8th December 2014 | By: jasonvincent
Inside Rolls Royce – Saatchi Gallery London
I recently visited the ‘Inside Rolls Royce’ exhibition at the Saatchi Gallery in London – and it was quite a different experience from what I was expecting. Before jumping in to the fascinating history behind Rolls Royce, and the exquisite craftsmanship that accompanies their work, let me first touch on the exhibition itself, and how it was uniquely curated (some images from the exhibition are included below).
I’ve become quite a cynic when hearing the words ‘interactive’ or ‘sensory’ exhibition. It seems to quite often be a marketing term used to lure tech-savvy people in to an otherwise fairly straightforward exhibition, with a poor attempted use of technology. The reality usually involves one or two elements that can be ‘interacted’ with in some primitive way, but provides very limited true engagement.
However, the ‘Inside Rolls Royce’ exhibition was quite possibly the first example I’ve come across of a truly interactive exhibition – and one that delivered on its promise.
If you think about the psychology behind most computer games, it’s quite simple – game designers and storytellers need to provide an incentive for a user to accomplish certain tasks in order to keep them progressing through the game, and coming back for more. This is exactly what the curators of this exhibition managed to achieve, in a way that I hadn’t come across before.
Through the use of Bluetooth hotspots and a mobile app that was very well designed and put together, visitors are ‘guided’ through the many galleries by discovering new content as they go. Each time they come into contact with a particular element in the exhibition, the app detects where they are, and provides additional background information, related resources etc. It becomes more of an exploratory journey than a mere viewing experience. Adding to this discovery process, I noticed that you couldn’t actually access any content unless you had first visited that part of the exhibition!
After navigating the ground floor galleries in a somewhat ad-hoc order, you are invited to the 1st floor galleries which are laid out in a more open space. At this point you’ve covered the basics – you’ve seen the attention to detail that goes in to their paint and leather work; The unique woodworking that delivers what many would easily identify as masterpieces, particularly in the context of an automobile. But upon entering the upper galleries you’re confronted with something quite unique: actual Rolls Royce employees, carrying out their craft right in front of you.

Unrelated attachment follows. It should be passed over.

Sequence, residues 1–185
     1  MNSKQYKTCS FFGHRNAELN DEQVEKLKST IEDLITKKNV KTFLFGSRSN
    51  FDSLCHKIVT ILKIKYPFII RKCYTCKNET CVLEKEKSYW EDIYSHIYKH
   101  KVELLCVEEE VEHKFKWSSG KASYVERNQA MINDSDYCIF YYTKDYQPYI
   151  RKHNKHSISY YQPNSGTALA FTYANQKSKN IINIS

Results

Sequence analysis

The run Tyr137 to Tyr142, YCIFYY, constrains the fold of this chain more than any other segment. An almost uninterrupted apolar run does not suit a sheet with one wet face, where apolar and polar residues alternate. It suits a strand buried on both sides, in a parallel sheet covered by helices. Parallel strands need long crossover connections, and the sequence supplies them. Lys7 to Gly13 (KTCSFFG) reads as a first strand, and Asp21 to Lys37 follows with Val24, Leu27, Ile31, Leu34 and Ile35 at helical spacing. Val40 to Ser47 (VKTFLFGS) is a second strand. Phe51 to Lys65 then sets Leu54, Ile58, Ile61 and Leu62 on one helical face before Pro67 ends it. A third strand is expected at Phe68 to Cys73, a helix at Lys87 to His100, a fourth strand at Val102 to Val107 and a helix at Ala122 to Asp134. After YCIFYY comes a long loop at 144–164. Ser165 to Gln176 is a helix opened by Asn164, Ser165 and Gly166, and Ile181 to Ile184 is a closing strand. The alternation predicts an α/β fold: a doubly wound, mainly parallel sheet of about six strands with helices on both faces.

The attention to detail is mesmerising. From the fibre optics that light up the inner ceiling (I guess I’d never actually wondered how these were made before) to the woodwork and the leather embroidery. And then there are the accompanying quotes that really make you question what you do and how you do it – a great example being:
Strive for perfection in everything you do – Sir Henry Royce
Coincidentally I had recently been reading ‘My Life and Work – Henry Ford’ (it will be Aeguana’s book of the month for November, so stay tuned for a more detailed review). Ford is a fascinating company, also incorporated around the same time as Sir Henry Royce decided to change motor vehicles for the better, but their stories are almost polar opposites.
Henry Ford was a firm believer in pricing-first as a way of directing the company, and all its processes, to be super-efficient – the only way to hit the target price and keep the companies books in the black. Their design revolved around re-usable components, streamlining processes through automation and making cars accessible to everyone.
Rolls Royce on the other hand wanted to build ‘the best cars in the world’. Their Silver Ghost, launched shortly after the company was officially formed in 1906 was quickly hailed as the best car in the world, living up to the founders’ ambition. Interestingly, up until 1922 their product development policy for motor cars had one major resemblance with that of Ford – they both strived for a one-model policy.
It’s fascinating that throughout the companies life, despite running in to several severe setbacks (even resulting in the nationalisation of the company in 1971), their overarching vision doesn’t seem to have ever wavered.
Overall, the attention to detail on display at the exhibition is perhaps what struck me the most. As an entrepreneur and manager, it raised several questions within me – How did they not stray from their vision even when faced with such adversity?
Perhaps back in the early 1900’s the ambition of creating the world’s greatest cars made sense – it was a nascent industry, ripe for improvement and perfection. However, it’s clear that over time, as automation started to kick in, and companies like Ford were producing hundreds of thousands of cars (and then millions), it amazes me that their board, their directors, even their shareholders, didn’t succeed in shifting the direction of the company away from one-off masterpieces to production for the masses. To retain the throne as the pinnacle of luxury vehicles, and essentially carve out their own sweet spot between luxury and performance, is amazing to say the least.
One thing is for sure – I’ll never see a Rolls Royce the same way after attending this exhibition. Let’s hope some things never change!